by Paul Niquette
Copyright 2003 Resource Books All rights reserved.

ideologer n. One who is free of "belief" -- quick to celebrate an idea but just as quick to embrace the evidence that refutes it.

Another neologism, sorry. It's merely what I aspire to, that's all.

Closest thing in the dictionary may be...

ideologist n. One who treats of ideas; one who theorizes or idealizes; one versed in the science of ideas, or who advocates the doctrines of ideology.
...for which I am not qualified.
Whereas I much enjoy theorizing and idealizing, and I may be a bit versed in the science of ideas, I do not go around advocating "doctrines of ideology."  That means surrendering to a tyranny called belief.
An idea is one thing, belief is quite another.  Once belief sets in, volition takes a hike.  Faced with evidence which contradicts his or her belief, the believer has three choices:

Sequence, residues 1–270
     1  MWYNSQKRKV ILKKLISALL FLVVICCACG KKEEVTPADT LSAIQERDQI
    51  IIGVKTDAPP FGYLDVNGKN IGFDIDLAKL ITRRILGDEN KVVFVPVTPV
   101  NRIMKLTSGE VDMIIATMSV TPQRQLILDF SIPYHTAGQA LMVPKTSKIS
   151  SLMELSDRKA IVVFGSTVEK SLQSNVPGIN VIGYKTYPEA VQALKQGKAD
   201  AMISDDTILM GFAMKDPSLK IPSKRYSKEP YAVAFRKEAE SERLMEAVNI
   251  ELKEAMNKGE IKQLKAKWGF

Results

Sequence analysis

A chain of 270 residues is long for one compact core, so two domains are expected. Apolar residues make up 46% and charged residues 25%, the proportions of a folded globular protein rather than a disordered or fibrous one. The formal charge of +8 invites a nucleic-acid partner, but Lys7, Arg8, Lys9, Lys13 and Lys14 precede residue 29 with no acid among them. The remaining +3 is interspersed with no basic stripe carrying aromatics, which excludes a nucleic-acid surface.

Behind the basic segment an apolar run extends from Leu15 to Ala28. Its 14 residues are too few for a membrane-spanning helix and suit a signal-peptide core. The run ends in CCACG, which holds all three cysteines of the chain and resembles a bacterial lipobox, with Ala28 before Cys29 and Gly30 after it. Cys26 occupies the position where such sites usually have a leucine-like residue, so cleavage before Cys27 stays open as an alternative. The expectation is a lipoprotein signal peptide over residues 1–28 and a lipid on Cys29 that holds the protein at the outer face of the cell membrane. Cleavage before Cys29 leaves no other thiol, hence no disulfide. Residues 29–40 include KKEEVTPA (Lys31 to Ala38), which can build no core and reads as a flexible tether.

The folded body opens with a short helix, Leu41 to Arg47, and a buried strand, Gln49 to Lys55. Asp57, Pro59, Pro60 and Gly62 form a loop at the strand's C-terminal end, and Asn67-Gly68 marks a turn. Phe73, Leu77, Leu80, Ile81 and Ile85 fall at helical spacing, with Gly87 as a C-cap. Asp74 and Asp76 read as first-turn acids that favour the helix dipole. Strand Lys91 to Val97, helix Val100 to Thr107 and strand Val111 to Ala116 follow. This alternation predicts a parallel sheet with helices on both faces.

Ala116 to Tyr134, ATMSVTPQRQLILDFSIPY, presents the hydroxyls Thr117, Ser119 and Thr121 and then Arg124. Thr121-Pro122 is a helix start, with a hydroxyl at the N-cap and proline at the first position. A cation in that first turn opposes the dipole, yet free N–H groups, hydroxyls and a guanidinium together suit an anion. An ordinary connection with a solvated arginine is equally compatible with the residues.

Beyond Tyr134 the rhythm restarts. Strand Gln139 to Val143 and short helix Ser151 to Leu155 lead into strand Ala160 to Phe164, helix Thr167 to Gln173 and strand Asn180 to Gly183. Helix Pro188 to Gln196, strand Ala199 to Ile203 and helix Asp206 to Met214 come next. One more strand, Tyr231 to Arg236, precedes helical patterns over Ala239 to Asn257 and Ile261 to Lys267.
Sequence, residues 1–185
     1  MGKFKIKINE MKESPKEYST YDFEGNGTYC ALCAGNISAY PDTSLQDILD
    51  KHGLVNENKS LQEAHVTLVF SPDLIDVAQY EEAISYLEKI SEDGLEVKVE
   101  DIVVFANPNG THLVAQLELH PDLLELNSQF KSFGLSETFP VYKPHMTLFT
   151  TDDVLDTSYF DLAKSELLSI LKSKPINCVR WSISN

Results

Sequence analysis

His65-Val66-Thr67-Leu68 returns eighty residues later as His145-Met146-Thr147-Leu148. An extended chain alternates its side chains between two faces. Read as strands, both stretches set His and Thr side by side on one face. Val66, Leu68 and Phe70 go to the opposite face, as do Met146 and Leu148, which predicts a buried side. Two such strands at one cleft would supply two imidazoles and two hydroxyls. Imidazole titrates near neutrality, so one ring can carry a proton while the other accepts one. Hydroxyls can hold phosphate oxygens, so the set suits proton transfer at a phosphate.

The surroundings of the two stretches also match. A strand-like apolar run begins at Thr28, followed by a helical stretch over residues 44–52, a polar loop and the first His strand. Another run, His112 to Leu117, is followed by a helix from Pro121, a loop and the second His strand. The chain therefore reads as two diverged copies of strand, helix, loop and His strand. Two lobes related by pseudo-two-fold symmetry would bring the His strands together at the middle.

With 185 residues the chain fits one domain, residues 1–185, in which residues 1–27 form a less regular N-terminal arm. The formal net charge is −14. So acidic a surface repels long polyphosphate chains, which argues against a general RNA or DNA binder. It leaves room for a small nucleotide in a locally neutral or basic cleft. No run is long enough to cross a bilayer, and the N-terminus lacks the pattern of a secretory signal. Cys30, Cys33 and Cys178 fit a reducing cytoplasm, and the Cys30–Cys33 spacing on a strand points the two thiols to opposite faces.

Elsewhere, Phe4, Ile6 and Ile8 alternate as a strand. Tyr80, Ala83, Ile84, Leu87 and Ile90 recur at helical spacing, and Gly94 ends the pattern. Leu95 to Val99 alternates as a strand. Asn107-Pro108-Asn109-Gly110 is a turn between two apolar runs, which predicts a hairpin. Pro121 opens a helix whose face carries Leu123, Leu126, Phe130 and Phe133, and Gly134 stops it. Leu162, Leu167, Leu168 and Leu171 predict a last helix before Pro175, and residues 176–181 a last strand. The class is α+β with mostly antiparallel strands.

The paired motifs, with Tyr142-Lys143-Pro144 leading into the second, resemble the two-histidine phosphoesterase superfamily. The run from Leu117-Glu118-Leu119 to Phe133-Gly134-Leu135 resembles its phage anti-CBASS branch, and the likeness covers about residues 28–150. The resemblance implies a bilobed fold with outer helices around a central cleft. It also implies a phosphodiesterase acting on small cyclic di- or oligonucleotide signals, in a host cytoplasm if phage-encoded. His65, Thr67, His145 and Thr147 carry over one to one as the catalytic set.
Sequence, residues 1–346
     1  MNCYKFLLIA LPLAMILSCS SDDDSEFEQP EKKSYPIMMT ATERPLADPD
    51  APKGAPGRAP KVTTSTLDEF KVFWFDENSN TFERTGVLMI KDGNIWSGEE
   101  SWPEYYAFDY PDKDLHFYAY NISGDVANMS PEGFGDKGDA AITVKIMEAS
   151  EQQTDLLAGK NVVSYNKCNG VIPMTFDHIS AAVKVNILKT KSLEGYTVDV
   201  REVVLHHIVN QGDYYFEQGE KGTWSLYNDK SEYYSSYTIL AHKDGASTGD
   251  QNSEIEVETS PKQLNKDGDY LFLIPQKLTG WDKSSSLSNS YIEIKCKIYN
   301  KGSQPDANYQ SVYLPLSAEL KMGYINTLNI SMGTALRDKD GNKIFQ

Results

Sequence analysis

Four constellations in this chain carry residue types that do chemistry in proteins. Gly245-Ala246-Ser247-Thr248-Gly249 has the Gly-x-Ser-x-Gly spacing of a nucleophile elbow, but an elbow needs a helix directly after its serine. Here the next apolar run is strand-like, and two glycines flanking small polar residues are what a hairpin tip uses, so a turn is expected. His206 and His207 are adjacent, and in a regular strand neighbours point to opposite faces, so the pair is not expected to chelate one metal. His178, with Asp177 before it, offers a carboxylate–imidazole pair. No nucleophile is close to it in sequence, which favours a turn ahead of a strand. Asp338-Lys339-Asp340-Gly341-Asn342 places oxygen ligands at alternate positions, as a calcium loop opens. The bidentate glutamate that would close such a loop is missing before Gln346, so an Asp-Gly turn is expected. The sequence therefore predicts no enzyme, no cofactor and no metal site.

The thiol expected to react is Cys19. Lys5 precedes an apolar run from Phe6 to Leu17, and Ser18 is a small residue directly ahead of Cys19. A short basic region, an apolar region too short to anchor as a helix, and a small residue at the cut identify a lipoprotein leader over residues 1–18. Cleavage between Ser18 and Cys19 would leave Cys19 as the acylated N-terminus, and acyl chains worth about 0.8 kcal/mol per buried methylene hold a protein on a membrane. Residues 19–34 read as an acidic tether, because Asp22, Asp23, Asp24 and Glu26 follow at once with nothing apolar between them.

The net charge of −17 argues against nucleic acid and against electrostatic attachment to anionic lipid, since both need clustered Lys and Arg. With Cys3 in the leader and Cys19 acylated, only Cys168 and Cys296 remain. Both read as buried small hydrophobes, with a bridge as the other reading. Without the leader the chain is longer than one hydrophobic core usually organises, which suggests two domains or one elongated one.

1. Deny the Evidence
  2. Dismiss the Evidence
  3. Discredit the Evidence-Provider
1. Deny -- aw, come on, that evidence is full of errors, false.

2. Dismiss -- so what, even if the evidence is solid, it is unimportant, irrelevant.

3. Discredit -- never mind all that, the evidence comes from an incompetent source, a liar.

The first two choices logically trump the third...

  • Confronted with factual and relevant evidence of an unwelcome nature, a believer ought not withhold concession, even if the source is held in contempt.
  • Likewise, evidence proven either false or irrelevant is refutation enough, whatever the reputation of the source.
A fourth choice might be to abandon the belief, but -- hey, how likely is that?

By definition, an idealoger steers his or her thought-life toward ideas and away from beliefs (see dyskeptia).  There's plenty of volition in that.  Too bad there is not a word to describe it.

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